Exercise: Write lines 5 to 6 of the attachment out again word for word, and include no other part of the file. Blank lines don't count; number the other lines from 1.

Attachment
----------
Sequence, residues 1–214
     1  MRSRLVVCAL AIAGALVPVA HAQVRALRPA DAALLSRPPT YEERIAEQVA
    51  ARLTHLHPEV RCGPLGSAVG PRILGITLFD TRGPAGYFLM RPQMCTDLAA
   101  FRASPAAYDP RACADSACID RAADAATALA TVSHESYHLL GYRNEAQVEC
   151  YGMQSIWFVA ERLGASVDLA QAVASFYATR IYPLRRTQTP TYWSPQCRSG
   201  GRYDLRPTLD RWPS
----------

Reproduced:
   151  YGMQSIWFVA ERLGASVDLA QAVASFYATR IYPLRRTQTP TYWSPQCRSG
   201  GRYDLRPTLD RWPS